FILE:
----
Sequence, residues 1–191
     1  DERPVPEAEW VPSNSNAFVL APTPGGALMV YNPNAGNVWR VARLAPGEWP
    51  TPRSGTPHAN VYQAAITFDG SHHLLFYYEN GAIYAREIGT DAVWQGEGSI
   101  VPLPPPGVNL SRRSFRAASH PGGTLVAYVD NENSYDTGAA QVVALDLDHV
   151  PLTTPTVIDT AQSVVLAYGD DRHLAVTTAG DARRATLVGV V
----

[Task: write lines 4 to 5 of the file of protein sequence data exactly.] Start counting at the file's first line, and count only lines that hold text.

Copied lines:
   101  VPLPPPGVNL SRRSFRAASH PGGTLVAYVD NENSYDTGAA QVVALDLDHV
   151  PLTTPTVIDT AQSVVLAYGD DRHLAVTTAG DARRATLVGV V